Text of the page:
Jones Day

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Jones Day
Jones Day Logo 1.svg
No. of offices 44[1]
No. of attorneys 2,500+
Major practice areas Full Service
Revenue $1.7 billion (2015)[1]
Date founded 1893 (1893) (Cleveland, Ohio)
Company type General partnership[2]
Slogan One Firm Worldwide
Website
jonesday.com

Jones Day is an international law firm based in the United States. It is the largest law firm in the US[3] and one of the ten largest law firms in the world.[1]

History[edit]

Jones Day was founded as Blandin & Rice in 1893 by two partners, Edwin J. Blandin and William Lowe Rice, in Cleveland, Ohio.[4] Frank Ginn joined the firm in 1899, and it changed its name to Blandin, Rice & Ginn.[5] Rice was murdered in August 1910,[6] and in 1912 Thomas H. Hogsett joined the firm as partner.[5] The firm became Blandin, Hogsett & Ginn that year,[7] and Tolles, Hogsett, Ginn & Morley a year later after the retirement of Judge Blandin and the addition of partners Sheldon H. Tolles and John C. Morley.[5] After Morley retired in 1928, the firm adopted the name Tolles, Hogsett & Ginn.[5]

In November 1938, then-managing partner Thomas Jones led the merger of Tolles, Hogsett & Ginn with litigation-focused firm Day, Young, Veach & LeFever to create Jones, Day, Cockley & Reavis. The merger was effective January 1, 1939.[8] The firm's Washington, D.C., office was opened in 1946, becoming the firm's first office outside Ohio.[9] In 1967, the firm merged with D.C. firm Pogue & Neal to become Jones, Day, Reavis & Pogue.[10]

International expansion[edit]

The international expansion of Jones Day began in 1986 when the firm merged with boutique law firm Surrey & Morse, a firm of 75 attorneys with international offices in New York City, Paris, London and Washington, D.C. The following years the firm expanded to Hong Kong, Brussels, Tokyo, Taipei, and Frankfurt.[citation needed]

Recent years[edit]

In August 2008, Jones Day filed a lawsuit[11] against Blockshopper LLC for service mark infringement, service mark dilution, false designation of origin and deceptive trade practices. In February 2009, Blockshopper LLC and Jones Day settled the case, allowing Blockshopper LLC to continue to cover Jones Day attorneys and embed deep links to Jones Day attorney profiles on non-Jones Day owned sites. The case was seen by some as an abuse of trademark law and potentially harmful to the concept of linking.[12]

As of 2013, Jones Day was the biggest American law firm, with more than 2,400 lawyers and 800 partners.[13]

A partner at the firm, Donald McGahn, was counsel for the 2016 Donald Trump presidential campaign.[14] In March 2016, the firm hosted Donald Trump for a major meeting with leading Republican politicians at its Washington, D.C. offices.[15][14]

Compensation[edit]

Jones Day prides itself on its compensation structure. Unlike many of its peer firms, Jones Day does not pay a year-end or mid-year bonus and instead compensates associates entirely with salary.[16] Salaries are not public and salaries are not determined by class-year. Instead, the firm compensates each associate (after their first year) differently based on the quality of their work and jurisdiction.[17] The firm has long claimed that this "black box" compensation system breeds collegiality and that its associates—even though they are not paid a bonus—generally earn the same as or more than associates at other major firms.[18] However, associates have recently claimed that they are under-compensated—sometimes by tens of thousands of dollars—compared to their peers at other firms and that their compensation is much lower than what they were promised when they interviewed.[19]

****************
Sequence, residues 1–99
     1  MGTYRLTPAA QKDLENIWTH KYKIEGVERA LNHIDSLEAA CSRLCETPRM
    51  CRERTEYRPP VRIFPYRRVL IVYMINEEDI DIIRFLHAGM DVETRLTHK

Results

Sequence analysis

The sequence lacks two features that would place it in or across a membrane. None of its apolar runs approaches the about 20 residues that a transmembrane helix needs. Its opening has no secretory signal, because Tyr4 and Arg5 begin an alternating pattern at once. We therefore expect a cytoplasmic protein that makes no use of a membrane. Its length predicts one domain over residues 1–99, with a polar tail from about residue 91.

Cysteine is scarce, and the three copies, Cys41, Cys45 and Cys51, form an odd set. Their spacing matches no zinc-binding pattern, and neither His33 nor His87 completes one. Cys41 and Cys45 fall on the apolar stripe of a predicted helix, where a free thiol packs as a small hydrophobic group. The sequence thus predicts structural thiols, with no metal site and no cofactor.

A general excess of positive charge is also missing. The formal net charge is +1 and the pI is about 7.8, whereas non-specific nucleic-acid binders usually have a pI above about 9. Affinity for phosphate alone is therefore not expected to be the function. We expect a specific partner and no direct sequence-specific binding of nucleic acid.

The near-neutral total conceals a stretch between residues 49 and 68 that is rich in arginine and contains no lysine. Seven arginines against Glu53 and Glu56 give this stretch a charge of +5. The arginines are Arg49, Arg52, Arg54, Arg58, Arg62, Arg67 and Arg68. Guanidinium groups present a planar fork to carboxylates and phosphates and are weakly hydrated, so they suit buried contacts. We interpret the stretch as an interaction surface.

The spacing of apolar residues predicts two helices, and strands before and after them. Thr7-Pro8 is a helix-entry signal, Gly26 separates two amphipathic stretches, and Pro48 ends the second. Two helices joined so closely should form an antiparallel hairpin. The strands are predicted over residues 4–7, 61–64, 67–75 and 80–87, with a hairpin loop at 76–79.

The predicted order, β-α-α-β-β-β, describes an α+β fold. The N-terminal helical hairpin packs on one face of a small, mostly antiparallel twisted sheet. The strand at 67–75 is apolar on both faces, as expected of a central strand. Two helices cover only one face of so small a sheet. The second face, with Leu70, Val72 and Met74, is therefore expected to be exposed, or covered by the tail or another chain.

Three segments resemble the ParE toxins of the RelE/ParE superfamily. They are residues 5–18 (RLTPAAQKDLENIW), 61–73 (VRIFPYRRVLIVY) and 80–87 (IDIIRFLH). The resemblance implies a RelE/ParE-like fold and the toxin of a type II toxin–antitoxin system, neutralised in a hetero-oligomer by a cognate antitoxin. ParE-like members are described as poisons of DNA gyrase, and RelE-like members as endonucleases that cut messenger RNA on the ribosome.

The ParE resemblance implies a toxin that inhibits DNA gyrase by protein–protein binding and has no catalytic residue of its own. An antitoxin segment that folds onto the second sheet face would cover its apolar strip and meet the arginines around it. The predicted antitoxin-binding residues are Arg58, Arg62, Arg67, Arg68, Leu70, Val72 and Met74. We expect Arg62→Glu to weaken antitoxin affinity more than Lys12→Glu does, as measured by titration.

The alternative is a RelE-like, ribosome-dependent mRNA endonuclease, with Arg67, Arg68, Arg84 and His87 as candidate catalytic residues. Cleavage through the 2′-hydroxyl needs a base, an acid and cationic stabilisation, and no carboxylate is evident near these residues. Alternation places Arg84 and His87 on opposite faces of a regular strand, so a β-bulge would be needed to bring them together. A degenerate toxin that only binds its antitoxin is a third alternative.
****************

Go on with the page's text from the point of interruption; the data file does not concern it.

People[edit]

Alumni[edit]

Notable alumni of the firm include:

References[edit]

  1. ^ a b c Seth, Shobhit (7 January 2015). "World's Top 10 Law Firms". Investopedia.com. Retrieved 28 August 2015. 
  2. ^ Jones Day Amicus Brief at EFF.org
  3. ^ Simpson, Jake (30 March 2016). "Law360 Reveals 400 Largest US Firms". Law360.com. New York: Portfolio Media, Inc. Retrieved 11 April 2016. 
  4. ^ Reed, George Irving (1897). Bench and Bar of Ohio: A Compendium of History and Biography. Vol. 2. Chicago: Century Publishing and Engraving Co. pp. 222–223. ; Cho, Janet H. (January 19, 2016). "Jones Day names Heather Lennox its Cleveland Partner-in-Charge, 1st woman in that role". The Plain Dealer. Retrieved May 6, 2016. 
  5. ^ a b c d "F. H. Ginn, 69, Lawyer, Arts Patron, Dies". The Plain Dealer. February 7, 1938. p. 4. 
  6. ^ "William L. Rice Murdered". The New York Times. August 6, 1910. p. 1. Retrieved May 6, 2016. 
  7. ^ "Law Firms Will Merge". The Plain Dealer. January 27, 1912. p. 14. 
  8. ^ "Form New Law Firm". The Plain Dealer. November 18, 1938. p. A12. 
  9. ^ Djordjevich, Vera (2007). Vault Guide to the Top Washington, D.C. Law Firms 2008. New York: Vault Reports Inc. p. 122. ISBN 9781581315011. 
  10. ^ "George C. Neale Dies; Law Firm Founder". The Plain Dealer. May 13, 1971. p. B2. 
  11. ^ http://www.citmedialaw.org/sites/citmedialaw.org/files/COMPLAINT.pdf
  12. ^ Davis, Wendy (2009-02-12). "Linked Out". Slate. ISSN 1091-2339. Retrieved 2016-04-11. 
  13. ^ "America's legal industry: The case against clones". Economist.com. 2 February 2013. Retrieved 28 August 2015. 
  14. ^ a b Costa, Robert; Kane, Paul (2016-03-19). "Trump to huddle with influential Republicans in D.C. ahead of AIPAC speech". The Washington Post. ISSN 0190-8286. Retrieved 2016-03-21. 
  15. ^ "Trump Takes Outsider Campaign to Heart of the Establishment". NBC News. Retrieved 2016-03-21. 
  16. ^ "Jones Day | Associates". www.jonesday.com. Retrieved 2016-06-30. 
  17. ^ "Jones Day | Associates". www.jonesday.com. Retrieved 2016-06-30. 
  18. ^ "Jones Day | Associates". www.jonesday.com. Retrieved 2016-06-30. 
  19. ^ "'The Jig Is Up' — Opening Up Jones Day's Black Box". Retrieved 2016-06-30. 

External links[edit]